Have no preference either way 30%
(VOL) Don’t know 1%
(n) (542)

 

8A.    If Joe Biden decides not to run, who would you like to see as the Democratic nominee for president? [LIST WAS NOT READ]

March
2023
Kamala Harris 13%
Bernie Sanders 6%
Elizabeth Warren 4%
Pete Buttigieg 6%
Michelle Obama 1%
Marianne Williamson 1%
Gavin Newsom 3%
J.B. Pritzker 1%
Tulsi Gabbard 1%
Gretchen Whitmer 1%
Amy Klobuchar 1%
Hillary Clinton 1%
Hakeem Jeffries 1%
Cory Booker 1%
Katie Porter 1%
Barack Obama 1%
Other 6%
(VOL) Don’t know 51%
(n) (542)

 

  1. I’m going to read you the names of some leaders in the Democratic Party.  Please tell me if your general impression of each is favorable or unfavorable, or if you don’t really have an opinion. If you have not heard of the person, just let me know. First, [READ NAME]. [NAMES WERE ROTATED]
Favorable Unfavorable No opinion Not heard of (n)
President Joe Biden 74% 14% 11% 1% (542)
           
Vice President Kamala Harris 64% 19% 15% 1% (542)
         
Author Marianne Williamson 11% 16% 21% 52% (542)
           
Former Georgia legislator Stacey Abrams 64% 6% 17% 13% (542)
           
Transportation Secretary Pete Buttigieg 58% 10% 19% 13% (542)
           
Illinois Governor J.B. Pritzker 18% 6% 27% 49% (542)
           
Michigan Governor Gretchen Whitmer 46% 9% 23% 22% (542)
           
Minnesota Senator Amy Klobuchar 48% 12% 19% 20% (542)
           
California Governor Gavin Newsom 47% 13% 28% 12% (542)
           
Vermont Senator Bernie Sanders 71% 12% 13% 3% (542)
           
Massachusetts Senator Elizabeth Warren 64% 12% 18% 7% (542)
           
Former President Barack Obama 89% 5% 5% 0% (542)
           
Former First Lady Michelle Obama 86% 4% 10% 0% (542)
           

 

  1. As you may recall, a number of Democratic candidates received support for president in 2020 before Joe Biden won the nomination. Who did you initially support for the nomination in 2020? [LIST WAS READ ONLY IF NEEDED]
March
2023
Joe Biden 33%
Bernie Sanders 20%
Elizabeth Warren 11%
Amy Klobuchar 3%
Pete Buttigieg 8%
Kamala Harris 4%
Mike Bloomberg 1%
Cory Booker 1%
Someone else 1%
No one 6%
Do not remember 12%
(n) (542)

 

[Question 11 was asked only of those who named a candidate other than Biden in Q10: n=287, moe=+/-8.7%]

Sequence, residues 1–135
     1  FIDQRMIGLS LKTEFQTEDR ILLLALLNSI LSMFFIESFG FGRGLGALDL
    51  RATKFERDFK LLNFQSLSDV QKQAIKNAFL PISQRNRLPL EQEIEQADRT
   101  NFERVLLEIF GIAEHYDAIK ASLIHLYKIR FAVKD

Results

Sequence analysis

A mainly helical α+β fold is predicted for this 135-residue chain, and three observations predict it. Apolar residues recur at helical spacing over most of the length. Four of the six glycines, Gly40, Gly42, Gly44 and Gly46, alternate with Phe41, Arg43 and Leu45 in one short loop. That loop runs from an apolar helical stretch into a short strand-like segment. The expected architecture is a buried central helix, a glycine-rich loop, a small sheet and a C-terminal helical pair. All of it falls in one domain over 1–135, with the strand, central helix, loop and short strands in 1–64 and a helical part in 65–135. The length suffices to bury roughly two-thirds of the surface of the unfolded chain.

1. Looking back over the past two years, do you think the candidate you initially supported for president would have done a better job than Joe Biden has done, would have done a worse job than Joe Biden has done, or would have performed about the same as Joe Biden has done as president?
March
2023
Better than Biden 44%
Worse than Biden 9%
About the same as Biden 46%
(VOL) Don’t know 1%
(n) (287)

 

METHODOLOGY

 

The Monmouth University Poll was sponsored and conducted by the Monmouth University Polling Institute from March 16 to 20, 2023 with a probability-based national random sample of 542 registered voters who identify with or lean toward the Democrat Party. Interviews were conducted in English, and included 151 live landline telephone interviews, 229 live cell phone interviews, and 162 online surveys via a cell phone text invitation. Telephone numbers were selected through a mix of random digit dialing and list-based sampling. Landline respondents were selected with a modified Troldahl-Carter youngest adult household screen. Interviewing services were provided by Braun Research, with sample obtained from Dynata (RDD, n= 189), Aristotle (list, n= 260) and a panel of prior Monmouth poll participants (n= 93). Monmouth is responsible for all aspects of the survey design, data weighting and analysis. The full sample is weighted for region, age, education, gender and race based on voter list and US Census information (ACS 2021 one-year survey). For results based on this sample, one can say with 95% confidence that the error attributable to sampling has a maximum margin of plus or minus 6.3 percentage points, adjusted for sample design effects (1.50). Sampling error can be larger for sub-groups (see table below). In addition to sampling error, one should bear in mind that question wording and practical difficulties in conducting surveys can introduce error or bias into the findings of opinion polls.

 

DEMOGRAPHICS (weighted)
Self-Reported
52% Strong Democrat
21% Democrat, not strong
27% Independent, lean Dem.
 
42% Male
58% Female
 
23% 18-34
23% 35-49
26% 50-64
28% 65+
 
55% White
22% Black
16% Hispanic
  7% Asian/Other
 
30% High school or less
31% Some college
39% 4 year degree

 

MARGIN OF ERROR
unweighted  sample moe
(+/-)
TOTAL   542 6.3%
SELF-REPORTED PARTY ID Strong Dem. 300 8.5%
Dem., not strong 104 14.4%
Indep., lean Dem. 138 12.5%
IDEOLOGY Very liberal 155 11.8%
Somewhat liberal 123 13.3%
Moderate-conservative 253 9.3%
GENDER Male 239 9.5%
Female 303 8.5%
RACE White, non-Hispanic 350 7.9%
Other 184 10.9%
AGE 18-49 198 10.5%
50-64 161 11.6%
65+ 175 11.1%
REGION Northeast 126 13.1%
Midwest 122 13.3%
South-Gulf 173 11.2%
Southwest, West 121 13.4%
COLLEGE GRADUATE No degree 210 10.2%
4 year degree 331 8.1%
INCOME <$50K 149 12.1%
$50 to <$100K 159 11.7%
$100K+ 214 10.1%